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Consumer Products

The Home Depot bans PFAS-treated carpets

Home improvement retailer says policy will minimize the environmental impact of the products it sells

by Marc S. Reisch
September 21, 2019 | A version of this story appeared in Volume 97, Issue 37


A photo of a person laying carpet.
Credit: Shutterstock
Rising concern over PFAS influenced The Home Depot to ban their use in carpets.

The Home Depot plans to stop selling carpets and rugs treated with per- and polyfluoroalkyl substances (PFAS), which impart soil and stain resistance. The big home improvement retailer says the new policy, which will go into effect at the end of the year, will reduce the environmental impact of the products it sells at its US and Canadian stores.

A number of PFAS—nicknamed “forever chemicals” because of their environmental persistence—are linked to a number of health problems, including cancer. The move continues a trend among major retailers to remove from shelves products made with chemicals of concern.

The Home Depot had previously committed to stop selling carpets treated with two specific PFAS: perfluorooctanoic acid and perfluorooctanesulfonate, chemicals widely used in an earlier generation of soil- and stain-resistant finishes for carpets. The firm’s chemical strategy, published in 2017, forbade carpeting containing other chemicals, such as triclosan and vinyl chloride.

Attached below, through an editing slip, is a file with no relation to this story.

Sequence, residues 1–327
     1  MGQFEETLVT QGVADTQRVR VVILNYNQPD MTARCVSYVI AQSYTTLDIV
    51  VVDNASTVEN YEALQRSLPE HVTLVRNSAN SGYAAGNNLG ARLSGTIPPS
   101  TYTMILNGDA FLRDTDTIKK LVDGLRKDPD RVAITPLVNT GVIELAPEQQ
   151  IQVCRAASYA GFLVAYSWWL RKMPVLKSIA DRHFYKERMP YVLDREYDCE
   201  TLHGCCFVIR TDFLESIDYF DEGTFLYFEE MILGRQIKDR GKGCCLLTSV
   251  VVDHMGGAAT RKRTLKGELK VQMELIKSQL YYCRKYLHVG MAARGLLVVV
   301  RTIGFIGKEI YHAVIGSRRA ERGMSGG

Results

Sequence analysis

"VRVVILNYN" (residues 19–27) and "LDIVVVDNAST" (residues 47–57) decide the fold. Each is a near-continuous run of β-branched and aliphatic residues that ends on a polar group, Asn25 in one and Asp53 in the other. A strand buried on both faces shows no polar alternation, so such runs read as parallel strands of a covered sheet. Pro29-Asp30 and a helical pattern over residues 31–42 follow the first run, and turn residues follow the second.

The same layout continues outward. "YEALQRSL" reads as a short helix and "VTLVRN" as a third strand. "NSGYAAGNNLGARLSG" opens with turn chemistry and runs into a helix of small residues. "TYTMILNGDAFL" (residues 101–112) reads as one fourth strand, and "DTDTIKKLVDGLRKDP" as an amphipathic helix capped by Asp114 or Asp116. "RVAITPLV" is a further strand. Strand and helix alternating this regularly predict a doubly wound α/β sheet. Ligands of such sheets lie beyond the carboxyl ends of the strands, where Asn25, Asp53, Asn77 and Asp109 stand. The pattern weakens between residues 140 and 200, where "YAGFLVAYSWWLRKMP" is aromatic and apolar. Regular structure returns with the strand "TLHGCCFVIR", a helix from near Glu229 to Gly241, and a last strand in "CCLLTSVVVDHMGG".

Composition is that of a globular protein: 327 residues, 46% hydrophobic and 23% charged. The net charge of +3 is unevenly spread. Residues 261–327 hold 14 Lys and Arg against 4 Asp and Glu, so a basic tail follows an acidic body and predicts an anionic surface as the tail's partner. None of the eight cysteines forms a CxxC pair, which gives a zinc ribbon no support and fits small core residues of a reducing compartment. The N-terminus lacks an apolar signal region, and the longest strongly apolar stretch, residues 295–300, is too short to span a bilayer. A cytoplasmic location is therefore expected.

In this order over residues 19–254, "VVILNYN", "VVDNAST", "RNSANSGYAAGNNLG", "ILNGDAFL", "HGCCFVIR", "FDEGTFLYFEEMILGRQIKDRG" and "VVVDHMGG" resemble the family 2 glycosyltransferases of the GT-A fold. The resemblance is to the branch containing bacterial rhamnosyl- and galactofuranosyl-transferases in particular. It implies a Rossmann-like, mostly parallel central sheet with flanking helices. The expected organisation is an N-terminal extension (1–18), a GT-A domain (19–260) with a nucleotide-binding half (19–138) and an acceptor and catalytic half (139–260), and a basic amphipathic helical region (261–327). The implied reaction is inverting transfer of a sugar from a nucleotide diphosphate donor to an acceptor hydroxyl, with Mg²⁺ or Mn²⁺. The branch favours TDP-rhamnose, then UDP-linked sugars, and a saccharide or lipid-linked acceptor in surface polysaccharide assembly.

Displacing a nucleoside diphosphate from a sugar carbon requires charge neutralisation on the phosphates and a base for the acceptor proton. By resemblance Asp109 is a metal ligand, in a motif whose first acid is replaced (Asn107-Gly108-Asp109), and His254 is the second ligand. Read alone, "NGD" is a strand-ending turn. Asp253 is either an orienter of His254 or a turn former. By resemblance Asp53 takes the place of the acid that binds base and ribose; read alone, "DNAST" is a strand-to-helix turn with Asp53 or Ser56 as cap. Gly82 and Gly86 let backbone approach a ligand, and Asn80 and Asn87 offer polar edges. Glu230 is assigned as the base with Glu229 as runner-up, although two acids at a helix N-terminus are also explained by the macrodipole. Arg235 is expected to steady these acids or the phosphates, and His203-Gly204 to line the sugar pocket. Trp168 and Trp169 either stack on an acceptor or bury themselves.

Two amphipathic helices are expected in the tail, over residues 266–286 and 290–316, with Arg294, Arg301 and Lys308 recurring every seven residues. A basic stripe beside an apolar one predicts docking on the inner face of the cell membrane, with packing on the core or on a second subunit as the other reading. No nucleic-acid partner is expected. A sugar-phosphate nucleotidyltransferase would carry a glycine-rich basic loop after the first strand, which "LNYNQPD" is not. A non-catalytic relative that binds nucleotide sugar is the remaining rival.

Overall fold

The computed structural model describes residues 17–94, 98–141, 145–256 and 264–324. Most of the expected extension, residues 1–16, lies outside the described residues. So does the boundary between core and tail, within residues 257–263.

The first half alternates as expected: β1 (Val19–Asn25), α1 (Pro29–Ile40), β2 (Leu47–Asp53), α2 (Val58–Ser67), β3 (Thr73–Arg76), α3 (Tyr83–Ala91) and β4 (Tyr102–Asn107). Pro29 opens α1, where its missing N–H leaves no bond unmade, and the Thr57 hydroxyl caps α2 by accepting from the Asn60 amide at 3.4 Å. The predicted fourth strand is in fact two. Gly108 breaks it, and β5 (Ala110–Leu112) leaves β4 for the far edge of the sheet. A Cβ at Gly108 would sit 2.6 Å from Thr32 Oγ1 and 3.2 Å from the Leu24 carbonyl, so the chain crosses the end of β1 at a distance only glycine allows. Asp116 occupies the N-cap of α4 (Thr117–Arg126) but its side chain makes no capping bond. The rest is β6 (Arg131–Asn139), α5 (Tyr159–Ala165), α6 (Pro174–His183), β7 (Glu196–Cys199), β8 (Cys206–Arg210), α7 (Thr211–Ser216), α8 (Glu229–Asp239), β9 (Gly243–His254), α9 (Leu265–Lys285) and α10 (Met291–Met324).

The Home Depot PFAS ban “will help to end the nonstick nightmare that is contaminating people’s homes and communities across the country,” Mike Schade, director of the Mind the Store campaign, says in a statement. “Other top retailers of carpets should join the Home Depot in driving these chemicals out of their supply chains,” he adds.

Other retailers have banned chemicals in consumer products, some with prodding from Safer Chemicals, Healthy Families, a consortium of consumer advocacy groups that runs the Mind the Store campaign. Last year, Rite Aid said it engaged with the consortium to draw up a chemical policy and an expanded list of chemicals it would restrict in private-label health, personal care, and household products on its store shelves.

Amazon published a chemical policy last year with a restricted-substances list for private-label goods that includes formaldehyde and quaternium-15. Other retailers with chemical policies include Costco, Walmart, and CVS.



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